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Re: T. rex auction results
Dear Guy and List,
In the immortal words of Nelson the bully from The Simpsons: HA- HAAA!
> LOS ANGELES, May 16 - The fossilized remains of a 68-million-year-old
Tyrannosaurus rex were snapped up at an auction here Sunday for a mere
$93,250, far below what most experts had predicted.
> The Tyrannosaurus is one of just 30 ever found and only the second to be
offered for public sale.
> The winning bid of $80,000, to which auction house commission and state
taxes were added, was placed anonymously by telephone by an agent for a
consortium of South Dakota investors.
> The bones, nicknamed Barnum and discovered in 1995 in northeastern
Wyoming, are believed to be part of the first T. rex ever found, now housed
at the Natural History Museum in London.
> Barnum's bones, about 20 percent of the dinosaur, had been assigned an
estimate of $400,000 to $900,000 in the catalog for the auction house,
Bonhams & Butterfields on Sunset Boulevard.
> "I'm extremely disappointed and surprised," said Japheth Boyce, a
paleontologist who unearthed the remains. "I work with fossils and minerals
on a daily basis, and I like people to show appreciation for them. I guess I
equated appreciation with dollars."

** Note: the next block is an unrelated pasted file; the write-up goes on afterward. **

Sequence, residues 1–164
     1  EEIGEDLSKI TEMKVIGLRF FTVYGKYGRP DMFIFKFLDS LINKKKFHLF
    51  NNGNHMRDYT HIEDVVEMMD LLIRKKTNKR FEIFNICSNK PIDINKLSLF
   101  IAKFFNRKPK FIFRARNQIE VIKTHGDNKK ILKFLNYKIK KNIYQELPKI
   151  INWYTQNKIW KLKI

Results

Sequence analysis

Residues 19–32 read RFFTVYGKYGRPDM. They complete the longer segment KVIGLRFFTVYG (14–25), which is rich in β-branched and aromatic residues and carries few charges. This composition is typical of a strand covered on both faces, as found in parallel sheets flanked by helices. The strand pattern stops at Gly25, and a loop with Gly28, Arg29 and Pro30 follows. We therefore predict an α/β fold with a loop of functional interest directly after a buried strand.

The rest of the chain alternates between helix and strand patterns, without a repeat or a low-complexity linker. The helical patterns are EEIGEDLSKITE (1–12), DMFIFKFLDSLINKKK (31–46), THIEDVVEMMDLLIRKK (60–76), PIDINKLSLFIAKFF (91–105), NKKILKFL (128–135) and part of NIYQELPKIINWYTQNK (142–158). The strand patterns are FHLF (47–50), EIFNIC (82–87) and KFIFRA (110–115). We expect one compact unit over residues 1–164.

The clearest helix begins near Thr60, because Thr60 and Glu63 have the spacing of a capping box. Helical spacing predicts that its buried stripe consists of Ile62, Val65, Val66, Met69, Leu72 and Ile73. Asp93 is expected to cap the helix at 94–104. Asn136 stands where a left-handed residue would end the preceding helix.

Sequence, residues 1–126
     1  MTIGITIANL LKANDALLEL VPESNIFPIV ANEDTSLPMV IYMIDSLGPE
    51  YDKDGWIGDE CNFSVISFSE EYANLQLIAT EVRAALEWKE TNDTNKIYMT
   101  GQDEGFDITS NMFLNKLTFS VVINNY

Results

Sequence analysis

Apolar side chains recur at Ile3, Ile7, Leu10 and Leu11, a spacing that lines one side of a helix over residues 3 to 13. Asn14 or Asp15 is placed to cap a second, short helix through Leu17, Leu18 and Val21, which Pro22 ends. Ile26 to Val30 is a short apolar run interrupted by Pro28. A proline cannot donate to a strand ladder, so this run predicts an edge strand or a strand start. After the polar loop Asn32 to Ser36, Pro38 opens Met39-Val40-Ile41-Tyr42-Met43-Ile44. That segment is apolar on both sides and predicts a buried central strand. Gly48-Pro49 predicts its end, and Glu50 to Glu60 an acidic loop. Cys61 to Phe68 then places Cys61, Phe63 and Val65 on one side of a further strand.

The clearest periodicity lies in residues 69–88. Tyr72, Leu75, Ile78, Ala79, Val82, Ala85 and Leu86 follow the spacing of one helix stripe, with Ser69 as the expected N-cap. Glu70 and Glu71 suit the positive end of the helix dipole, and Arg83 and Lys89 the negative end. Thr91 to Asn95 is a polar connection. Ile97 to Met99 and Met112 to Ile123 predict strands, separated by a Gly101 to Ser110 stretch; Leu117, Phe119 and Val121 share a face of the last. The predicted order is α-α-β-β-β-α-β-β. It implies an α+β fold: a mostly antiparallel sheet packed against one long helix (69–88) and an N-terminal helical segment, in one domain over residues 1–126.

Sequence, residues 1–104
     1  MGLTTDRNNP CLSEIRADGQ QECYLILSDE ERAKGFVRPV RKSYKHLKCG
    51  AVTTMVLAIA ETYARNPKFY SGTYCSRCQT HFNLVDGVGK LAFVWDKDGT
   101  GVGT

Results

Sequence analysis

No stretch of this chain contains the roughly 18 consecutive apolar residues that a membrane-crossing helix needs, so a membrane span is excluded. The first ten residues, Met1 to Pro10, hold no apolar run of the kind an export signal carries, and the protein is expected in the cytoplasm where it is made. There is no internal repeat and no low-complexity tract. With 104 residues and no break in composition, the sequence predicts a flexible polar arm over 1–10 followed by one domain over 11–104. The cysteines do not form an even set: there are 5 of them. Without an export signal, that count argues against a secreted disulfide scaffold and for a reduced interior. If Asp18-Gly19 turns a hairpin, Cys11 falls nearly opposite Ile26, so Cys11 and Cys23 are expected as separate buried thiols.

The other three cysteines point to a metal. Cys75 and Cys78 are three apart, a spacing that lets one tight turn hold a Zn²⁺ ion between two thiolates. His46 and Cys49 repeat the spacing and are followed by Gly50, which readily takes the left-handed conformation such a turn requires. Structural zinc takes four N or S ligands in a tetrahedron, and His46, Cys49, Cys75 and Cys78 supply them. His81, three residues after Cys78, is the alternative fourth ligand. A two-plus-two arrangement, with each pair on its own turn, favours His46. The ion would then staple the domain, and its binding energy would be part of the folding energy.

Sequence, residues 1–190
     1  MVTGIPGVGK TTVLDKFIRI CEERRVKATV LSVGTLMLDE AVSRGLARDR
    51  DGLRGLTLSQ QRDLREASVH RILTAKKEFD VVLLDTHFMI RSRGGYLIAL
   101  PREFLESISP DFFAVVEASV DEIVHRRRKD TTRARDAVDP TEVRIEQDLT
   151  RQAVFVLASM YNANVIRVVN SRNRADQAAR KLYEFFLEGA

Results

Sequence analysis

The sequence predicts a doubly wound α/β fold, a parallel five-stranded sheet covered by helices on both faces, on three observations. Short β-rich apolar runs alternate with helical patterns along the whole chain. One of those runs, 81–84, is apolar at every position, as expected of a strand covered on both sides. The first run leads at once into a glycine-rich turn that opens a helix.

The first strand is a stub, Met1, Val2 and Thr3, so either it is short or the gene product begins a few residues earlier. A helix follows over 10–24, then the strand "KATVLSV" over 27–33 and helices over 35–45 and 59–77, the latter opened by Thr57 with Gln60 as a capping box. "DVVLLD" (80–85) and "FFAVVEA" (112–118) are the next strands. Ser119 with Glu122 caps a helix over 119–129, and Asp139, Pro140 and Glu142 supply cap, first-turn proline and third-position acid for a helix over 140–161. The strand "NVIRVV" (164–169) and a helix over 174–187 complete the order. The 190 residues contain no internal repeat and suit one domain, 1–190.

> Mr. Boyce, reached at his home in Rapid City, S.D., after the sale, said
he did not know who had bought Barnum, but he had encouraged potential
buyers in both the United States and Britain to bid.
> "My guess is that no one is going to admit to anything for the moment,"
said Mr. Boyce, who would have shared in proceeds had the sale brought in
more than $500,000.
> It could not be determined whether the London museum, which has 14 percent
of what may be the same dinosaur, had bid so it could reunite the parts.
> In 1997, a dinosaur named Sue, found near Faith, S.D., with 85 percent of
its bones largely intact, including a 600-pound skull, was sold at auction
to the Field Museum in Chicago for $8.36 million.
> Sunday's sale included a massive, 40-foot-long replica of another T. rex,
Stan, whose remains were discovered in 1987 by an amateur paleontologist,
Stan Sacrison, in a sandy cliff face near Buffalo, S.D.
> The replica was sold for $70,250 to a Georgia museum.